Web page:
• I see the small spindle cells, the squamous islands, and the rhabdoid cells. Taken on their own I could see where the squamous cells would look atypical in a small needle biopsy without the benefit of context could be misinterpreted as malignant. The rhabdoid cells could be misinterpreted as dyskeratosis furthering the confusion.
  • Wow! I will now be on the lookout for “rhabdoid cells” in my next thymoma.
  • What a rarity, but very distinctive appearance. Very nice slide.
  • Wow!! I remember reading this paper, but I did not think I would get to see a case of one. Spectacular.
  • This is an interesting case of rhabdomyomatous thymoma, the rhabdoid cells remind me of the presence of cells in the fetal thymus with striated muscle differentiation.
  • A beautiful, spectacular, and unusual case.
  • Rhabdomyomatous thymoma. I have never seen this type of tumor, thank you for sharing this case.
  • Nice example of rhabdomyomatous thymoma. The immunohistochemistry is convincing. Without doing it the rhabdoid cells may even be confused for atypical squamous cells.
  • Fabulous myoid cells!
  • What a spectacular case!
  • I have never seen one before, thank you!
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REFERENCES

1. Travis WD, Brambilla E, Burke A, et al. WHO Classification of Tumors of the Lung, Pleura, Thymus and Heart. IARC Press, Lyon, France: International Agency for Research on Cancer; 2015.
2. Suster S, Moran CA. Thymoma, atypical thymoma, and thymic carcinoma. A novel conceptual approach to the classification of thymic epithelial neoplasms. Am J Clin Pathol. 1999;111:826–833.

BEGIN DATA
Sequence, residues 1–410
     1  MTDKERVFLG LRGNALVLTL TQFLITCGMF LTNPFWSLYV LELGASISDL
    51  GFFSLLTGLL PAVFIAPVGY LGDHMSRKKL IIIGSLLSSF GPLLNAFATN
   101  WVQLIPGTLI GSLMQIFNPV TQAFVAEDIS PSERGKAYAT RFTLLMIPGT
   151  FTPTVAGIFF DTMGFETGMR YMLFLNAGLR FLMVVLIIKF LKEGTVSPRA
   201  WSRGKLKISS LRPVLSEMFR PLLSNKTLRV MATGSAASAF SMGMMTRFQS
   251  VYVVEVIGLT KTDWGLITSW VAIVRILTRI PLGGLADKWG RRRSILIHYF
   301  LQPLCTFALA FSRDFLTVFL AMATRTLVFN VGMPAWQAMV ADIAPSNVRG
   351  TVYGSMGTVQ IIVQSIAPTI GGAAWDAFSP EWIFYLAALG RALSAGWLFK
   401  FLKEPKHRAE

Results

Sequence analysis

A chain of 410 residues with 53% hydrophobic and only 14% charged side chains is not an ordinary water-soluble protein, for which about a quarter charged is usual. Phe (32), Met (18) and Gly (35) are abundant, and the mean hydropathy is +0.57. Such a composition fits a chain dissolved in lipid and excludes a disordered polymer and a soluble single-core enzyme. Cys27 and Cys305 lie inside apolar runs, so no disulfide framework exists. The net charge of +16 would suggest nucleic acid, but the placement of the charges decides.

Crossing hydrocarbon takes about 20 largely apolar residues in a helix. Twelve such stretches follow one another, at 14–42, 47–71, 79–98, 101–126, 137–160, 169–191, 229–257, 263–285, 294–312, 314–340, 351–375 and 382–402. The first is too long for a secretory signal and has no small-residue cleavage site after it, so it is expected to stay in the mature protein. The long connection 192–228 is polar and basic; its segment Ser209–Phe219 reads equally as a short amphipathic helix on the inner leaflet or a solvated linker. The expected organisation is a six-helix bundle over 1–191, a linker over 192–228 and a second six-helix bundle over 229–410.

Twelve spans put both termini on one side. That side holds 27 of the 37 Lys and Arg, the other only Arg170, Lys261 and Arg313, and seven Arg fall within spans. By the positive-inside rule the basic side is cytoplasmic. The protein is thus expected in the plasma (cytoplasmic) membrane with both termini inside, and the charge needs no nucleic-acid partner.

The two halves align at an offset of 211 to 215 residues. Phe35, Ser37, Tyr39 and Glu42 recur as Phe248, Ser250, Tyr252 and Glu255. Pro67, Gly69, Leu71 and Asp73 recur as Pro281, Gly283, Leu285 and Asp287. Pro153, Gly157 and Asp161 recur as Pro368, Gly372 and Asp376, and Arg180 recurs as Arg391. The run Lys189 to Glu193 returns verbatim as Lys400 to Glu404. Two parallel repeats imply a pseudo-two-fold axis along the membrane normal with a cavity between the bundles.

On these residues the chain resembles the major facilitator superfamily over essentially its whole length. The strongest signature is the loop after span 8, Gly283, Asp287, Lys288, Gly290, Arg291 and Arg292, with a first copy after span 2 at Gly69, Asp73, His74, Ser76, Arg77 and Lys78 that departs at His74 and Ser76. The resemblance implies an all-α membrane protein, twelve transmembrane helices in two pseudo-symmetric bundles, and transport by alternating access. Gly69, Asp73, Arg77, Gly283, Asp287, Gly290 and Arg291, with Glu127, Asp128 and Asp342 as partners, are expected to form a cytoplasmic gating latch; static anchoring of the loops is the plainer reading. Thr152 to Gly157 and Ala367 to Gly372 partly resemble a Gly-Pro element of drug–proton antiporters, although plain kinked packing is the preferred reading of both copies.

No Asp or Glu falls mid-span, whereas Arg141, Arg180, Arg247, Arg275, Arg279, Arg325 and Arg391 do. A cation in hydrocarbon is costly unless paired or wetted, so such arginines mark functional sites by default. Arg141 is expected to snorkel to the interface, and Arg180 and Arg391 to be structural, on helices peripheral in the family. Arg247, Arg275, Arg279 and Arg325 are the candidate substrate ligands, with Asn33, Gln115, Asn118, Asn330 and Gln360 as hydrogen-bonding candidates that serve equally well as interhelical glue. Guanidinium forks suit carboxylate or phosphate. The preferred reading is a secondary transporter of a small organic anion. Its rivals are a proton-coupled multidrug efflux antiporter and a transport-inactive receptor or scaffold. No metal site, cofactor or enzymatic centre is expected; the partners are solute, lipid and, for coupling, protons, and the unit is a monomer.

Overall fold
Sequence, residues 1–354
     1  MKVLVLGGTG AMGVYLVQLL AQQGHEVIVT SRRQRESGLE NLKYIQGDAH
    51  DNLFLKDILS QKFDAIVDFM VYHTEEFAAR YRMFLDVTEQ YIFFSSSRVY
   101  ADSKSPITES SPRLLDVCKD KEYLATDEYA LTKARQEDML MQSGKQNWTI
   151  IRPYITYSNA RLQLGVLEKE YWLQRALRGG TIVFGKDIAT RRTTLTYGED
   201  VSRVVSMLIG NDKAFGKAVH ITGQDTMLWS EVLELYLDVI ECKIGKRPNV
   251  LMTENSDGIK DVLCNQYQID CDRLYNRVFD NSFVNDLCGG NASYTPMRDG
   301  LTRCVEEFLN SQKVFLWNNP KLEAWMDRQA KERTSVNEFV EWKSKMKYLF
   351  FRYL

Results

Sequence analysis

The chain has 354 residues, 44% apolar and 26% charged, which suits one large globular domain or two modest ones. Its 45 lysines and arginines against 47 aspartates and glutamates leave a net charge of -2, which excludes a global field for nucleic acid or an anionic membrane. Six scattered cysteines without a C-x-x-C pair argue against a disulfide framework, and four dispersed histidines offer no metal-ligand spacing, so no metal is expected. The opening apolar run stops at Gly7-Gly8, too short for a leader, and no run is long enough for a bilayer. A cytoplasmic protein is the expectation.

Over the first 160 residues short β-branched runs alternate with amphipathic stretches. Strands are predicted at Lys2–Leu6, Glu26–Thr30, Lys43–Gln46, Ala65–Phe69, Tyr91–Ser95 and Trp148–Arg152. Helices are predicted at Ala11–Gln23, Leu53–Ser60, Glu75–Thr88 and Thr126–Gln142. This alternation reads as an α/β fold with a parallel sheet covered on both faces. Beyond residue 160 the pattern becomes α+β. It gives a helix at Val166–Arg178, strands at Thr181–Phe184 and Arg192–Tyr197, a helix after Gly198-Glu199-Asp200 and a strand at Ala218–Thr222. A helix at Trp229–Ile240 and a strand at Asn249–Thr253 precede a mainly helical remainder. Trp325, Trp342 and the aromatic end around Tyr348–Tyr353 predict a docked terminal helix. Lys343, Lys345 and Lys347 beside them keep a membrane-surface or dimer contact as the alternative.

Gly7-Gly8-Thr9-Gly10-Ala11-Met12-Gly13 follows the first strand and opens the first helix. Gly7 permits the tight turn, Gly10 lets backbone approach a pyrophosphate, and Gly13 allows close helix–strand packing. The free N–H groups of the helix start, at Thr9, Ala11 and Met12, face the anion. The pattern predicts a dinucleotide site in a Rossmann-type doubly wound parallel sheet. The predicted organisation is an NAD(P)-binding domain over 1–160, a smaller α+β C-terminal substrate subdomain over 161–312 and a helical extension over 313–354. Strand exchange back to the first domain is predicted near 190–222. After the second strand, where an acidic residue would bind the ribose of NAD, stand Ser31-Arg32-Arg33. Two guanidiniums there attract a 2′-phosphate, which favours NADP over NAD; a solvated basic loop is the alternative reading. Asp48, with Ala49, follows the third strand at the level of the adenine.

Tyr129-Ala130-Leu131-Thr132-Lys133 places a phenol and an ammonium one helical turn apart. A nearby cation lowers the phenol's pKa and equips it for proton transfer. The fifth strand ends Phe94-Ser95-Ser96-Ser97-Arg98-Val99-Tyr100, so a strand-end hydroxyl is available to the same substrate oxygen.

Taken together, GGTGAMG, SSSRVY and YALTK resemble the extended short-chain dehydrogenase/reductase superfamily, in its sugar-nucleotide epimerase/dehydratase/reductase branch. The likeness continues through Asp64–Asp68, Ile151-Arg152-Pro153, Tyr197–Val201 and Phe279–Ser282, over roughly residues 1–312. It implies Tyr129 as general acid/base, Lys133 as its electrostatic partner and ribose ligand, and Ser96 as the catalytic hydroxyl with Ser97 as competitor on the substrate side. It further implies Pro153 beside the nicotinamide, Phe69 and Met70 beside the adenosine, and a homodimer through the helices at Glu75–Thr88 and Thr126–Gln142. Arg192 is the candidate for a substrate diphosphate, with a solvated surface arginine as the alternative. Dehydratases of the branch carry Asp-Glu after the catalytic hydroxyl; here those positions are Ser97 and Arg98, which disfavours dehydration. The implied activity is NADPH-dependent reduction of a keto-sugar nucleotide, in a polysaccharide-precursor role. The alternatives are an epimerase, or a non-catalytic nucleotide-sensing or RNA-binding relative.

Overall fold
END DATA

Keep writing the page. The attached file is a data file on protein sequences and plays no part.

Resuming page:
3. Suster S, Moran CA. Primary thymic epithelial neoplasms. Spectrum of differentiation and histologic features. Semin Diagn Pathol. 1999;16:2–17.
4. Suster S, Moran CA. Histologic classification of thymoma: The World Health Organization and beyond. Hematol Oncol Clin North Am. 2008;22:381–392.
5. Nakagawa K, Matsuno Y, Kunitoh H, et al. Immunohistochemical KIT (CD117) expression in thymic epithelial tumors. Chest. 2005;128:140–144.
6. Pan CC, Chen PC, Chiang H. KIT (CD117) is frequently overexpressed in thymic carcinomas but is absent in thymomas. J Pathol. 2004;202:375–381.
7. Henry K. An unusual thymic tumor with striated muscle (myoid) component (with a brief review of the literature on myoid cells). Br J Dis Chest. 1972;66:291–299.
8. Murakami S, Shamoto M, Miura K, et al. A thymic tumor with massive proliferation of myoid cells. Acta Pathol Jpn. 1984;34:1375–1383.
9. Moran CA, Koss MN. Rhabdomyomatous thymoma. Am J Surg Pathol. 1993;17:633–636.
10. Salih Deveci M, Ceyhan K, Deveci G, et al. Pericardial rhabdomyomatous spindle cell thymoma with mucinous cystic degeneration. Histopathology. 2001;38:479–481.
11. De Queiroga EM, Chikota H, Bacchi CE, et al. Rhabdomyomatous carcinoma of the thymus. Am J Surg Pathol. 2004;28:1245–1250.
12. Henry K. Striated muscle in human thymus. Lancet. 1968;1:638–639.
13. Van de Velde RL, Friedman NB. The thymic “myoidzellen” and myasthenia gravis. JAMA. 1966;198:287–288.
14. Rosai J, Parkash V, Reuter VE. On the origin of mediastinal germ cell tumors in males. Int J Surg Pathol. 1995;2:73–78.
15. Wakkach A, Poea S, Chastre E, et al. Establishment of a human thymic myoid cell line: phenotypic and functional characteristics. Am J Pathol. 1999;155:1229–1240.
Keywords:

thymoma; atypical thymoma; rhabdoid cells; myoid tumors